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“Ten to 15 people call the New York Times’s obit desk every day, asking to have their unremarkable grandfather written up.”

From Jeff McMahan’s moving tribute to Derek Parfit, who died earlier this year: “A couple of years ago, when he was teaching at Rutgers, he experienced a confluence of medical problems that urgently required that he be anesthetized and placed on a ventilator. […] That he was in the intensive care unit seemed not to interest him, and he was largely incurious about what had happened and about what his diagnosis and prognosis were. Even in those circumstances, it was his ideas that mattered most. […] A nurse, having noticed how many visitors Parfit had had, exclaimed, ‘Jesus Christ had only 12 disciples – but look at you! You’re clearly a very important man. What do you do?’ ‘I work,’ Parfit replied with a smile, ‘on what matters.'”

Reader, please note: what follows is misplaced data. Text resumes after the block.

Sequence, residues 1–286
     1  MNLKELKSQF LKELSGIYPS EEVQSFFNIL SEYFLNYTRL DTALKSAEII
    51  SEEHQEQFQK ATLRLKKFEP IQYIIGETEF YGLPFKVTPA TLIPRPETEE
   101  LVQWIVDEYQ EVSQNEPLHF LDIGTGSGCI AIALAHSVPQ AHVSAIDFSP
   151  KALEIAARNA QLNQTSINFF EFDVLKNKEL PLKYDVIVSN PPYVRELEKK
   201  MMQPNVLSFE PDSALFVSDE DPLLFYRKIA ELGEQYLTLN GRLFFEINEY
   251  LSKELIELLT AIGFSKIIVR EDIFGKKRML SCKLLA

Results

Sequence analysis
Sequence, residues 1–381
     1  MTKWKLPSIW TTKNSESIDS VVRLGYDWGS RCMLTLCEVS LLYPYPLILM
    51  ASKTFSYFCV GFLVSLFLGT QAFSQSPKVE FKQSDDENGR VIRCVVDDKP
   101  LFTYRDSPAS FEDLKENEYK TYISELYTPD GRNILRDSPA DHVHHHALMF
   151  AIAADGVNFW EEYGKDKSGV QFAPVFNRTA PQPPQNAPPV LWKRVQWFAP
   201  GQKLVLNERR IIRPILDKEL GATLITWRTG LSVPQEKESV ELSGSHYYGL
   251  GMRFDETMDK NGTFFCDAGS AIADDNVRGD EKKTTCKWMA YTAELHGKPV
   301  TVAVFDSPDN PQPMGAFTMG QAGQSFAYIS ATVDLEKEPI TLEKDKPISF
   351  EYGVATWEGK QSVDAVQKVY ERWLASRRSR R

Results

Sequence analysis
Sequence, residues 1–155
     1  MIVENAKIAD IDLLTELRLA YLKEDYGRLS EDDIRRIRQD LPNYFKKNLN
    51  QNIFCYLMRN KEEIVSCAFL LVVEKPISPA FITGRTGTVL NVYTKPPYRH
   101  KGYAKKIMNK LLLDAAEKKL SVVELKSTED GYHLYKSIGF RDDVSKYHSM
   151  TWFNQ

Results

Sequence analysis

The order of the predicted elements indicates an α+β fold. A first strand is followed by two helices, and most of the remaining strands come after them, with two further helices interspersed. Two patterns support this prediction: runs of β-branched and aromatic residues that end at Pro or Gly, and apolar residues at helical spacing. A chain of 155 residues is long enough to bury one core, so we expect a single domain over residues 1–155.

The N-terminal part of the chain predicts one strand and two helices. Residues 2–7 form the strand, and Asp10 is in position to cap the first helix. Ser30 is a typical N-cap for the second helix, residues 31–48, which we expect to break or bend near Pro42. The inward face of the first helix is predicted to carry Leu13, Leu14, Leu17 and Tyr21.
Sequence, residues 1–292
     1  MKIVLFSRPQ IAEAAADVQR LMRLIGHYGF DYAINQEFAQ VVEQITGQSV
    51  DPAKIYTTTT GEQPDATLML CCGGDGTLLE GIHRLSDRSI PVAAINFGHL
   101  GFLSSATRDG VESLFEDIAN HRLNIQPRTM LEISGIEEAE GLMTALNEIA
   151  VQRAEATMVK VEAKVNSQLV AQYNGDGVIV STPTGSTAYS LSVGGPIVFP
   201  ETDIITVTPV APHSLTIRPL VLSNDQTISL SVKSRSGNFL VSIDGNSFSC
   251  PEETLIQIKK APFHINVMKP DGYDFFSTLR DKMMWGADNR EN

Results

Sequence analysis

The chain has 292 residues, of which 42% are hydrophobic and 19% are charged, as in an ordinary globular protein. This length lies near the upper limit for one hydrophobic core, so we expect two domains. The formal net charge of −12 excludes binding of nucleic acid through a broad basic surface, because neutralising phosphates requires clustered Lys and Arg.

“Authors who are women write equally about men and women, but men write overwhelmingly about men.”

Frank Bruni on the relative decline of who: “In this hypercasual culture of ours, we’re so petrified of sounding overly fussy that we’ve swerved all the way to overly crass.”

A technical term we should all use more often: catastrophic forgetting.

“According to his publisher, James Patterson has written no fewer than 114 New York Times bestsellers”. But new stylometric research “suggests that ‘author’ in its widely accepted sense isn’t always the most appropriate term for his role in the writing process.”

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